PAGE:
Key Topics Covered
What is Turkesterone?
- It is a form of ecdysteroid – which is a plant and insect equivalent of hormones like testosterone.
Why does it have any hype?
- It has been mentioned in a variety of sources – probably the most popular is Joe Rogan’s podcast with Andrew Huberman:
- Huberman said “it acts the same way as Deca or another testosterone derivative. It increases testosterone, performance and recovery by an equivalent amount.”
- More Plates More Dates (Derek). – Has gone deep on this. From what I’ve seen he is the biggest promoter.
In a video response to the Joe Rogan clip there was the following:
- Firstly, he addressed the claim that it is like taking anabolic steroids. Only one study exists comparing it to steroids, Dianabol in this case (not Deca). In a rodent model. And it outperformed dianabol – which is wild. This adds hype to it. From what I could find – it was actually ecdysteroids in this study too, not turkesterone specifically, but obviously, I can’t confirm I found the same study he talked about.
- Derek also highlighted that it doesn’t increase testosterone, which goes against Hubermans claim. It doesn’t work through that mechanism + the anecdotal bloodwork showed no change in test. It also did not suppress natural production either.
- Him highlighting that it was never compared to Deca AND doubling down on it being based on a single rodent study makes him seem more trustworthy. Him acknowledging the flaws makes him seem more likely to be right.
- He talks about a lot of anecdotal case studies who got good results. But then also said there were “non-responders.”
- He also owns a supplement company which sells Turkesterone and he mentions that every time he makes a video about it, he sells out.
- The real reason it has gained any hype is because it is legal + doesn’t have any of the side effects of actually using steroids.
What does the research show?
- No human research on turkesterone.
- Prior to 2006, there wasn’t even human research on any form of ecdysteroids, even though animal studies started in 1978 (with nothing overly interesting)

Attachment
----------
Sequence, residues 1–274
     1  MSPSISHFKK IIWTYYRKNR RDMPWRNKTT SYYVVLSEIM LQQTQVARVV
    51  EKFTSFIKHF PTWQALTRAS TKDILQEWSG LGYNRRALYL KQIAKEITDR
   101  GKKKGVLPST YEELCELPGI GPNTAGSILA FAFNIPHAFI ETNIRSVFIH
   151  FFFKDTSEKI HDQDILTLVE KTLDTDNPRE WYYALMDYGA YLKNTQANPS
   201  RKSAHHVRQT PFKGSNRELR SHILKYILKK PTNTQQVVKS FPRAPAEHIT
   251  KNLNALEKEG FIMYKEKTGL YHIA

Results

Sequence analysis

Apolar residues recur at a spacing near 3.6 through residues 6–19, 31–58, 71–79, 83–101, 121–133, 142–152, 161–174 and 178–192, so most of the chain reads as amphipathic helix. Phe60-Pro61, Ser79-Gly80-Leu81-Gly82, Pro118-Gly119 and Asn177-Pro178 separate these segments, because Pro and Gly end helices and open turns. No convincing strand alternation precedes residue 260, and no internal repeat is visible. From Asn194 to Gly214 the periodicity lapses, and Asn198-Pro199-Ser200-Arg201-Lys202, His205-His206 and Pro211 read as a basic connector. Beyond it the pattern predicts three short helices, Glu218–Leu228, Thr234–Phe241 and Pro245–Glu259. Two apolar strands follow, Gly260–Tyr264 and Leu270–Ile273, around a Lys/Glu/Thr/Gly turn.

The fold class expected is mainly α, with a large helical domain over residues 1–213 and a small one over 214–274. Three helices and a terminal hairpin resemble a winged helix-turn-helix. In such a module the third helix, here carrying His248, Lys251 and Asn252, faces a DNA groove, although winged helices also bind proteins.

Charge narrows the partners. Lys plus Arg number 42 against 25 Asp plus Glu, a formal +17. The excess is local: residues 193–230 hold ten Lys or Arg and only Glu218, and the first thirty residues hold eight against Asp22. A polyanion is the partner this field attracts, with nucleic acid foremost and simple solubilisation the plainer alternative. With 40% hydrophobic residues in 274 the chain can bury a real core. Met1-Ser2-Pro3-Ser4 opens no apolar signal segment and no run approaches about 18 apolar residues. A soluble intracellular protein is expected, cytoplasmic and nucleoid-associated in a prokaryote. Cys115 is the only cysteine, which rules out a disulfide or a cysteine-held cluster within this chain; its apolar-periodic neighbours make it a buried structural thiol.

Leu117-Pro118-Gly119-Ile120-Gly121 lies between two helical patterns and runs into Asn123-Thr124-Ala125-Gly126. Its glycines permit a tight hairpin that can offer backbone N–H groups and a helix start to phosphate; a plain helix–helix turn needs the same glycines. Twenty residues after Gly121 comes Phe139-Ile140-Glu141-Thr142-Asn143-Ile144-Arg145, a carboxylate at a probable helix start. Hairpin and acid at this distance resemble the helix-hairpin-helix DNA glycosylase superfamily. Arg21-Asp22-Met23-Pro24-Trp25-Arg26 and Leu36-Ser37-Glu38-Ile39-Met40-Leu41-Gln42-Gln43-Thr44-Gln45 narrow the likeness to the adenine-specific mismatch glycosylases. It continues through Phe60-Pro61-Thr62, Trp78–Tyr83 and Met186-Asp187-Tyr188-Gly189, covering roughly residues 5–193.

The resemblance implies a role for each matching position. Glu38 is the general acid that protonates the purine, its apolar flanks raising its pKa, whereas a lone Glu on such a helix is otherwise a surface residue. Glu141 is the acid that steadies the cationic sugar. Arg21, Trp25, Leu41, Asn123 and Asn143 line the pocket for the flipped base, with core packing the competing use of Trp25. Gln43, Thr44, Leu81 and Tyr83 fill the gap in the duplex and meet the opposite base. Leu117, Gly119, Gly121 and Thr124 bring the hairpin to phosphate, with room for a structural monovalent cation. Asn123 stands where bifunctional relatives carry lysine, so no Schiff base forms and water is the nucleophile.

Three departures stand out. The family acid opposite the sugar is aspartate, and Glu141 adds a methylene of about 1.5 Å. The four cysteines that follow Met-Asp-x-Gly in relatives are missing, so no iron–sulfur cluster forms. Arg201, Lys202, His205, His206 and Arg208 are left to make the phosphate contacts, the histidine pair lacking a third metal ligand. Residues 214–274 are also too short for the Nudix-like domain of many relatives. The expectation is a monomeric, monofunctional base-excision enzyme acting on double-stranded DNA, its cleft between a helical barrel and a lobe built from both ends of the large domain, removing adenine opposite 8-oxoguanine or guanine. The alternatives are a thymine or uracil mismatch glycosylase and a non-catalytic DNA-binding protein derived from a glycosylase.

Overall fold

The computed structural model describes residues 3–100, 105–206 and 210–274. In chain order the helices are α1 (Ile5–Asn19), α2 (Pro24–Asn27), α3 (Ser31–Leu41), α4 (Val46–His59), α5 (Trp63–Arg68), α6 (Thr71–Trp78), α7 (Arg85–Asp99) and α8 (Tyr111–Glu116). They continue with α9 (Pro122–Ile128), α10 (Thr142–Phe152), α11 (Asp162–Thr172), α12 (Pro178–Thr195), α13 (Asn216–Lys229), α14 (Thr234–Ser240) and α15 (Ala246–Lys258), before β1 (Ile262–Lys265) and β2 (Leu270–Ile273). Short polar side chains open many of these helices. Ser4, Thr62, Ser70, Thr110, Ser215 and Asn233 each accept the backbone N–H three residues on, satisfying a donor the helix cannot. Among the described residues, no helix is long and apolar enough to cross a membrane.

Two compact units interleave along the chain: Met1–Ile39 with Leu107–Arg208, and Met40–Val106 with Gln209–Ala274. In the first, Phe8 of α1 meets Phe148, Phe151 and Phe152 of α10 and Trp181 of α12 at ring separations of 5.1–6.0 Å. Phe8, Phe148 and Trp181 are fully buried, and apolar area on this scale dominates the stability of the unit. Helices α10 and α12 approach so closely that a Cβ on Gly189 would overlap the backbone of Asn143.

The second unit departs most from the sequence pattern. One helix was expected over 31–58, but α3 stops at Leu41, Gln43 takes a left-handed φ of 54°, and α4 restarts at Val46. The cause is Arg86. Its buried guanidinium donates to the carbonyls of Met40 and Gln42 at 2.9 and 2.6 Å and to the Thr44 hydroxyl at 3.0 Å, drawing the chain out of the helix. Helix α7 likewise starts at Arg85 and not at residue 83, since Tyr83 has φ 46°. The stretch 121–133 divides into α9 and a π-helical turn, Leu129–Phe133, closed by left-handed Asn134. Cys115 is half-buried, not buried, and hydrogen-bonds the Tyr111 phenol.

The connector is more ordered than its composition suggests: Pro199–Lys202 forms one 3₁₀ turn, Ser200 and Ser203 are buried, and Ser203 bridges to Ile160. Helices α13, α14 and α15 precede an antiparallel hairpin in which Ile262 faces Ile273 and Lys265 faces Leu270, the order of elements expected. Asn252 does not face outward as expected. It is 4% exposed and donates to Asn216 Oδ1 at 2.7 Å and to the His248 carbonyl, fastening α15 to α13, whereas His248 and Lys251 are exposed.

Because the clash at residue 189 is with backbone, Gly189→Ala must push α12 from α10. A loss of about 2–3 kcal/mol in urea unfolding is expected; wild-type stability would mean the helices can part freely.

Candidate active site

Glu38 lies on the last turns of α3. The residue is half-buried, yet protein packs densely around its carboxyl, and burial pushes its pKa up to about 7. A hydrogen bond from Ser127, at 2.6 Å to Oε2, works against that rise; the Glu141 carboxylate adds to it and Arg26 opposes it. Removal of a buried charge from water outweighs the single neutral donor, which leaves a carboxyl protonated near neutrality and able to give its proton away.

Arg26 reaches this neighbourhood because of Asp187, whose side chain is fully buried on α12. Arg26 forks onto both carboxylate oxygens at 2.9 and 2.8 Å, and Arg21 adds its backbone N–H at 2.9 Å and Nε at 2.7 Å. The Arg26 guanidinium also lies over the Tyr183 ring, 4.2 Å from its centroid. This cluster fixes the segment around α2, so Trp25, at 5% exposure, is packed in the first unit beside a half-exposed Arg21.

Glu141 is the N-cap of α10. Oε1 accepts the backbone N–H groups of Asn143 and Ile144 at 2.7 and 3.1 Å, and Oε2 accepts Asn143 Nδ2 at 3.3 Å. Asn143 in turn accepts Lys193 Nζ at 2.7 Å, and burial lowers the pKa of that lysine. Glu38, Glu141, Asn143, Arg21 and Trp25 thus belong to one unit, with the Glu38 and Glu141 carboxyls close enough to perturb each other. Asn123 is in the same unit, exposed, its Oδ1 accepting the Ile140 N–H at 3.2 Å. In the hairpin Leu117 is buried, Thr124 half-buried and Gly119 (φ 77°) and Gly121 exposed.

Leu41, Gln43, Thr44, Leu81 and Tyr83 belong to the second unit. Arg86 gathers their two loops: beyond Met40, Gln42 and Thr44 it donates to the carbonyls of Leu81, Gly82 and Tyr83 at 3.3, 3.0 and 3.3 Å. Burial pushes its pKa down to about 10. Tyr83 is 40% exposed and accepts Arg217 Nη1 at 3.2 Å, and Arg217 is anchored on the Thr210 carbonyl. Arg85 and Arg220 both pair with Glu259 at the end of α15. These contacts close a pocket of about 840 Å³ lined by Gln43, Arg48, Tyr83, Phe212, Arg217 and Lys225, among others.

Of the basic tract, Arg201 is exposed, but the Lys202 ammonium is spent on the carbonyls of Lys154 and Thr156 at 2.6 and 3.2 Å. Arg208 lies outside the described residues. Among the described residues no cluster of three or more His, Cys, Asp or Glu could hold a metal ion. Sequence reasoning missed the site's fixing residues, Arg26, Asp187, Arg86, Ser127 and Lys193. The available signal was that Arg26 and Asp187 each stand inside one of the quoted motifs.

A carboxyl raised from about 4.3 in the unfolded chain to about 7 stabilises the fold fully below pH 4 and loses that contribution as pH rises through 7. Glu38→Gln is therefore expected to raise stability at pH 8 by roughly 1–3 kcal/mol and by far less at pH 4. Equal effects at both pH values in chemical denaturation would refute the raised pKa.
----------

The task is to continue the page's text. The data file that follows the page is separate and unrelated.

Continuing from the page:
- In 2006, Bill Campbell and his team put together a study with 45 lifters and one group took the form of ecdysteroids (NOT turkesterone specifically). After 8 weeks of supplementation, there was no improvement in muscle or strength vs placebo. No change in testosterone either.
- In 2018 ISSN released a position stand on supplements where they concluded that ecdysteroids don’t really do anything for muscle, strength, or performance.
- Then in 2019 – the most recent study to the best of my knowledge, there was an insanely good result. It was on 46 men with ~1 year of experience and they took a supp that was labelled to contain 100mg of ecdysterone (NOT Turkesterone) for 10 weeks. They made way better muscle gains than placebo. The placebo group lost muscle during this time, which is kind of weird. But the most weird aspect of this study was that the supplement actually only contained 6mg of ecdysterone (6% of what was labelled).
There are a lot of theories as to why the 2019 study somehow had this wild result, even though the supplements barely had the dosage. When you factor in a small sample size e.g. there were only ~10 people in each group – since there were actually 4 groups – it could even be as simple as genetics playing a huge role. Either way, the findings just don’t add up.
What are our thoughts?
- Expensive – $89 for 60 tablets through Elite Supps
- Likely does nothing
- Another thing to consider – how do we know what the “right” dosage is to supplement with is without large-scale research?
- If research comes out showing it does something, we will change our minds
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